ABC News Online, Posted Tue Apr 7
- Video: Antarctic ice bridge collapses (Lateline)
- Video: Peter Garrett joins Lateline (Lateline)
- Audio: Clinton speaks on Antarctic ice melt (AM)
- Audio: Antarctic ice bridge rupture heightens concern about global warming (AM)
- Audio: Ice shelf collapse linked to climate change (PM)
- Audio: US scientist Ted Scambos talks to Linda Hunt about the ice break. (ABC News)
- Related Story: Wilkins Ice Shelf collapse sparks worldwide concerns
- Related Story: Antarctic ice shelf in peril as bridge snaps
Federal Environment Minister Peter Garrett says there is no doubt the recent collapse of the Wilkins Ice shelf in Antarctica is the result of climate change.
The Wilkins Ice Shelf is in the final stages of collapse and scientists are concerned the event shows climate change is happening faster than previously thought.
From above, parts of the Wilkins Ice Shelf now look like giant panes of shattered glass, and Mr Garrett has told the ABC's Lateline program he knows climate change is a factor in the shelf's collapse.
"I don't think that there's any doubt that global warming is contributing to what we've seen both on the Wilkins Ice Shelf and also more generally in Antarctica," he said.
"And it is the case that scientists, because of the fact of the Antarctic's unique and critical role in the world's climate system, are focusing very strongly on climate change research and also potential impacts.
"This is a really significant mass of ice and it is the case that scientists previously had identified that it might potentially start to break away or collapse and that that would be as a consequence of warming."
Mr Garrett has dismissed the suggestion the shelf's collapse is simply the latest in a very long history of such events.
"There are many others in terms of the research that's been identified in and around the Antarctic, and also in other parts of the world, which I think tell us unequivocally that we're seeing climate change impacts," he said.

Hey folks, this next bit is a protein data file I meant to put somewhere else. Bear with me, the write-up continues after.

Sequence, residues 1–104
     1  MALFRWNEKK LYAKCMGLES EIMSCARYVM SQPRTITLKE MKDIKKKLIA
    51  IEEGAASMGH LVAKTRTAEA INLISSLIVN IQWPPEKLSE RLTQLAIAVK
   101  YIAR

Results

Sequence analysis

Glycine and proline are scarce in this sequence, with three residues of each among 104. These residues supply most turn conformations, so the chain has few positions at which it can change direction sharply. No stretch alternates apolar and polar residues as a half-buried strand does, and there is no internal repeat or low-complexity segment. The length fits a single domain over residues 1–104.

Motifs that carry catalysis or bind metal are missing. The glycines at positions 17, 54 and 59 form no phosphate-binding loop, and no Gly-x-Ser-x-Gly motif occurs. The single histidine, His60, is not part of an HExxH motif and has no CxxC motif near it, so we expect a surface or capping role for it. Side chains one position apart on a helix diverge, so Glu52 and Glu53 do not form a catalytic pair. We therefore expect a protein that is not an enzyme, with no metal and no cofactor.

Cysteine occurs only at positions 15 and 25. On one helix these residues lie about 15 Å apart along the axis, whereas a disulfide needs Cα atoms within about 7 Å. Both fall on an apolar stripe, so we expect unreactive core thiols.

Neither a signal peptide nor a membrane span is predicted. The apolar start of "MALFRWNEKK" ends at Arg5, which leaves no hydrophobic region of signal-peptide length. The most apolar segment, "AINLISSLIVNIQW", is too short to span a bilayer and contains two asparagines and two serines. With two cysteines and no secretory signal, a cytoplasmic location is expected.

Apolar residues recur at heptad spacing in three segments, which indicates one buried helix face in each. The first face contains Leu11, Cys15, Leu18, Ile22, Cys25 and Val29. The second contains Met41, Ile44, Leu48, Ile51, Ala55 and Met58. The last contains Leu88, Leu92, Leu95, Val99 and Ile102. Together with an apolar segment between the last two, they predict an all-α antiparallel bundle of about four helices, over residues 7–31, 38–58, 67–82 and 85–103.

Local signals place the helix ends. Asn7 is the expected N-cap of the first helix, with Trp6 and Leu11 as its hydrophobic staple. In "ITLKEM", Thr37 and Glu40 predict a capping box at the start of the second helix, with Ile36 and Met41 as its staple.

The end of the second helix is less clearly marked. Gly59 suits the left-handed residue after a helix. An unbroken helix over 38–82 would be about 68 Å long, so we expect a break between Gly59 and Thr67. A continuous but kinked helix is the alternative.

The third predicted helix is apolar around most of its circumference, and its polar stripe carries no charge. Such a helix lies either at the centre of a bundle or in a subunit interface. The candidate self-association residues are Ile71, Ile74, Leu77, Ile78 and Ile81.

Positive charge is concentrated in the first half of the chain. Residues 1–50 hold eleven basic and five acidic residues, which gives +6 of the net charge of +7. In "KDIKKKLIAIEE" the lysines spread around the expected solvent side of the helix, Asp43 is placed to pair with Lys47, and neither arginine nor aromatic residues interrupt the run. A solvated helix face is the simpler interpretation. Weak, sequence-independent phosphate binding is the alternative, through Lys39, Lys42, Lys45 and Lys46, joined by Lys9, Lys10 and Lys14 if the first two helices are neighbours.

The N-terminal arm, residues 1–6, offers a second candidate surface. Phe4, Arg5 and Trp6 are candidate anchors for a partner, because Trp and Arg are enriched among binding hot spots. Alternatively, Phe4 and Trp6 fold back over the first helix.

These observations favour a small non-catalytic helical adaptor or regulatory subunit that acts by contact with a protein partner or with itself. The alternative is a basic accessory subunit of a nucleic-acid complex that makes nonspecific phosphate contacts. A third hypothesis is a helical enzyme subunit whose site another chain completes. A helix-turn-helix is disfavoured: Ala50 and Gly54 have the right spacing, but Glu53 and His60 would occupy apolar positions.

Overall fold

"So to go to a sceptical position, as we sometime still hear from our Opposition colleagues in Canberra, or from other voices, strikes me as being a little bit out of the realm of what we're actually seeing visually with our own eyes."
The Wilkins Ice Shelf is the eighth Antarctic ice shelf to begin breaking up or to disappear in the past few decades.
Dr Ras Van Ommen from the Australian Antarctic Division says the shelf's collapse confirms fears about the rapid and dramatic effects of global warming.
"It's telling us that the effect of climate change or warming are actually being felt more and more progressively on the rest of the continent, so it's a warning sign, if you like, that in fact the warming is actually reaching Antarctica," he said.
The report of the Scientific Committee on Antarctic research, compiled by 23 nations, says that in west Antarctica the attribution of ice lost to human-driven warming is now strong.
The report warns that a number of climate influences could amplify the ice loss and accelerate future sea level rises.
Mr Garrett, who is in Washington, says more such reports are expected.
"The fact is that we're now entering a period where we are in a position to observe, particularly in the Antarctic, the consequences of global warming and climate change," he said.
"One of the things that I'm doing in Washington is effectively celebrating what I think is a good part of the story on the Antarctic, and that is that we've had a treaty regime in place now for 50 years.
"It is a unique treaty in that it has produced very good cooperative science. It's a treaty which has a strong environment focus. It's also a treaty, given some of the other international developments, which has a strong disarmament and the peace component. It's a treaty that has worked."
Mr Garrett says the treaty prevents mining and exploration for minerals and oil in Antarctica.
"I think that that's a really unique and significant achievement. Australia should hold its head up and say, 'Look, we were a part of that'," he said.
"Now, the treaty itself is absolutely specific and clear; it is for the preservation and the conservation of the living resources of the Antarctic and it specifically precludes exploration and mineral exploitation.
"And the work that's been undertaken in the Antarctic by a number of nations down there, including Australia, has a strong science and research focus. It's not directed towards mineral exploitation at all because that's what the treaty provision clearly rules out."